What some kids see as the norm, others don’t take for granted. Take the words to part of a musical video sung by boys at Ohr Simcha: “I have a family and a home.”
Ohr Simcha, in Kfar Chabad, Israel, is not a regular school. It provides a nurturing environment to some 300 boys, ranging in age from 5 to 20 years old, who have no other place to call home. These children have had to be removed from their non-functioning families due to an array of socioeconomic problems that have negatively impacted their healthy development and ability to learn effectively.
Staff members model their work on a typical family unit. Children between the ages of 5 and 8 live in foster homes with house parents, and have a routine that mirrors that of ordinary families. The house parents raise these children along with their own. Together, they carry out household tasks, get help with their studies, and go on outings and to social events.
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Boys older than 8 live in dormitories; they, too, are offered activities and schedules to help them thrive. The goal is to enable these young people to heal from their painful pasts, and gain the skills necessary to succeed in school and become contributing members of society.
Rabbi Zeev Slavin, director of Ohr Simcha, proudly noted that the “dorm,” as he refers to Ohr Simcha, “received an award from the Ministry of Education as the best boarding school in Israel.” The reason the school received such an award, he noted, is due to the dedication of the staff.
Boys older than 8 live in dormitories; they, too, are offered activities and schedules to help them thrive.
The school was established in 1973 following a request by the Rebbe, Rabbi Menachem M. Schneerson, of righteous memory, that Chabad-Lubavitch should ensure that children everywhere who otherwise would not have a warm, loving home would be cared for. “Each of the staff members are real emissaries of the Rebbe, giving of themselves 24 hours a day,” said Slavin.
He noted that despite Ohr Simcha being run by religiously observant staff, 80 percent of the boys who attend are from non-religious homes. “The reason the Ministry of Education places these boys in an Orthodox establishment is due to our unique approach of total ahavas chesed, lovingkindness,” said Slavin. “No child is forced to do anything he is not comfortable with, but the opportunity is there for him to grow if he chooses to do so.”
Of the 300 children, a little more than half are in elementary school. These kids attend a facility for grades one through eight supported by the Ministry of Education as a National Religious School.
At the end of the school day, students can partake in an array of extracurricular activities, including art, music, swimming and computers. A pet corner allows for the care of small animals, an important part of emotional healing. Where there is a need for therapeutic intervention, a team of professionals comes into play.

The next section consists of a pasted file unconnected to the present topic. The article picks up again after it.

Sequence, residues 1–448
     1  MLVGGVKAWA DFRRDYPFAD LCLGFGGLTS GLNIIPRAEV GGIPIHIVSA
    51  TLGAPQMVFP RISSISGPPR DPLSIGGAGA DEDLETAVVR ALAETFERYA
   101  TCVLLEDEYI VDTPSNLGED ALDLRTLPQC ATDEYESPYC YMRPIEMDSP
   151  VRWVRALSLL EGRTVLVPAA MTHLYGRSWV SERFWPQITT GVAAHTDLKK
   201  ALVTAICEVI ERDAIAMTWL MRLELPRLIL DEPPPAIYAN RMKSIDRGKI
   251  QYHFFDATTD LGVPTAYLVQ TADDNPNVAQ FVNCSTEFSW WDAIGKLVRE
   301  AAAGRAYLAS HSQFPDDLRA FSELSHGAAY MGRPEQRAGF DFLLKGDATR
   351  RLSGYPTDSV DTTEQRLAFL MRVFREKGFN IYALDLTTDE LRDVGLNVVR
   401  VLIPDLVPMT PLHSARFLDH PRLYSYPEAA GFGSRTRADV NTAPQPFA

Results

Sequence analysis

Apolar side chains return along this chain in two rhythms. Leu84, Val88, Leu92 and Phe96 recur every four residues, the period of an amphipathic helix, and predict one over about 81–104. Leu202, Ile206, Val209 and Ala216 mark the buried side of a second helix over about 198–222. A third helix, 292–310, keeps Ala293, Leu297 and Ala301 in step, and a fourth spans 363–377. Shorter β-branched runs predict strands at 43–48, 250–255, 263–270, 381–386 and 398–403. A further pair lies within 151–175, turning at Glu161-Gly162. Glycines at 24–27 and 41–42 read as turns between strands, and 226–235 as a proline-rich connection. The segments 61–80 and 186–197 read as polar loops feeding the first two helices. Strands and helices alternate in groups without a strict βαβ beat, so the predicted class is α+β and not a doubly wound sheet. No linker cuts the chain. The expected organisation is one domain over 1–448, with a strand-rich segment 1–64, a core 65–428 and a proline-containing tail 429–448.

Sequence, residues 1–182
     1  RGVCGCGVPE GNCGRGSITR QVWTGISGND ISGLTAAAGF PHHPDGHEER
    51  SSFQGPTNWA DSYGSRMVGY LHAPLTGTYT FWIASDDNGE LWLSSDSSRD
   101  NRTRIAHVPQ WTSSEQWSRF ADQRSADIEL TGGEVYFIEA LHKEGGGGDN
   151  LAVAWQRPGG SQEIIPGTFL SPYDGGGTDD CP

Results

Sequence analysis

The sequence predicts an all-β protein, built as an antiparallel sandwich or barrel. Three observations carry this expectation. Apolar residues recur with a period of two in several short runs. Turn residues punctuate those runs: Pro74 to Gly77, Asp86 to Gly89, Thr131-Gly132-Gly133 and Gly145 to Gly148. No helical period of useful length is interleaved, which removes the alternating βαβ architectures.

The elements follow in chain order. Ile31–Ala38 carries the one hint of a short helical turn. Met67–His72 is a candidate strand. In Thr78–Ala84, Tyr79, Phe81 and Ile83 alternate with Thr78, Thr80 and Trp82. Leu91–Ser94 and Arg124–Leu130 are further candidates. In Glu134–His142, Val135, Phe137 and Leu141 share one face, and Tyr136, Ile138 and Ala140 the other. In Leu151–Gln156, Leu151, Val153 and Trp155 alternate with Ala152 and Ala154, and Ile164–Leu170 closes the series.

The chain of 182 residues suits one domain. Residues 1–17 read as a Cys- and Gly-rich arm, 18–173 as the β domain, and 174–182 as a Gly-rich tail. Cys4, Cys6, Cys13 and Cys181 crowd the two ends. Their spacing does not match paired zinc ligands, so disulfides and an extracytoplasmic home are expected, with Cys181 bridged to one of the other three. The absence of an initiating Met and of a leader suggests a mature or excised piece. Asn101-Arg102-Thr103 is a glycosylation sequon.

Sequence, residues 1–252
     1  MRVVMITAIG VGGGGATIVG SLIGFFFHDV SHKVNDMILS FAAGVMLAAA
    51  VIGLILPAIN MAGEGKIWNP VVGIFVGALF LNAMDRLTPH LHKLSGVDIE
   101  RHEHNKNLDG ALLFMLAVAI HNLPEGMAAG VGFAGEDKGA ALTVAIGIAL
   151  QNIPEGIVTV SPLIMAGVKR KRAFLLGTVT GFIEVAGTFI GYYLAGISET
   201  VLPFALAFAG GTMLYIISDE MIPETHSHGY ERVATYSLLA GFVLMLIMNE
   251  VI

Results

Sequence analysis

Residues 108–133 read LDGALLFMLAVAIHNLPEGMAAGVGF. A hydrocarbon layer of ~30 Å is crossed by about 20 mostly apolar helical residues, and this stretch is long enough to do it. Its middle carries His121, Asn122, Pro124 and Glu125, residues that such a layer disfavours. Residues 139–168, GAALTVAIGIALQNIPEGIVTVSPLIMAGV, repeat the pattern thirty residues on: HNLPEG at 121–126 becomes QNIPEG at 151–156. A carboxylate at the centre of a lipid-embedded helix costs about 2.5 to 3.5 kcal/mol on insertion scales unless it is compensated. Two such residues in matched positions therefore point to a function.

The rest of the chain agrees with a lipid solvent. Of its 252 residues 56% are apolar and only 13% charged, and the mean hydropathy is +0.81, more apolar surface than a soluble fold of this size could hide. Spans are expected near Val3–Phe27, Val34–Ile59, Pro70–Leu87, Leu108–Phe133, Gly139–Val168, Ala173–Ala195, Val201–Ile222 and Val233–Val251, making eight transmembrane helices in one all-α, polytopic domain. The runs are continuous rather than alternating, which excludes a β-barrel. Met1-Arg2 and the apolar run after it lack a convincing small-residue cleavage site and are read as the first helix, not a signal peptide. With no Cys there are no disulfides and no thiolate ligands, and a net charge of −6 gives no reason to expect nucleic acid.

The children seem to be quite aware of how special Ohr Simcha is, and as such, decided to express their appreciation through a musical video.
“The video was a brainchild of some of Ohr Simcha’s staff and students who wanted an anthem which would unite the current children residing here, as well as the alumni, in sharing the deeply personal, unique and special journey they experienced here,” explained Rabbi Jonathan Khalimsky, director of development and public relations for Ohr Simcha institutions.
Meital Trabelsi, the house mother of one of the family homes known as a mishpachton as well as the school’s music teacher, composed the music. She raises 13 of Ohr Simcha’s children, along with her own, in a special apartment unit on Ohr Simcha’s campus. The lyrics were written by Ruchama Shteinberger, a Chabad-Lubavitch emissary in Holon, who began volunteering for Ohr Simcha a few years ago in addition to her work as an emissary.
Fifteen boys took part in the production of the video, and another 15 took part in playing musical instruments. The video debuted last year at a mass bar mitzvah celebration hosted by the British ambassador to Israel, Matthew Gould, at his residence in Ramat Gan.
“Each of the staff members are real emissaries of the Rebbe, giving of themselves 24 hours a day,” said Rabbi Zeev Slavin.
The boys were keen to share their experiences in the making of the video. (Names were changed for privacy.) In the video, a boy named “David” shared his raw emotion: “It was hard, but I feel that the music and song helped me communicate feelings which I have felt for a long time, but couldn’t find a way to express them.”
Another boy, “Ilan,” said, “I like to think that this clip gives hope and inspiration to kids here like me and my two brothers, and kids who will come here.”
And as for “Oriel”: “I love music, and I enjoyed doing something that came out so nicely, and am proud for me and my family.”
Trabelsi, the music teacher, said she enjoyed her role in production of the video.
“It was very special to work with the kids and see their creative talents pour out. The sense of pride and satisfaction I felt when I saw how much the kids worked on it and how much effort they invested in it is priceless,” she described. “I have witnessed strangers who up until now were not aware of all we do watch this clip with tears streaming down their cheeks. It has really touched so many that I feel honored to have been a part of it.”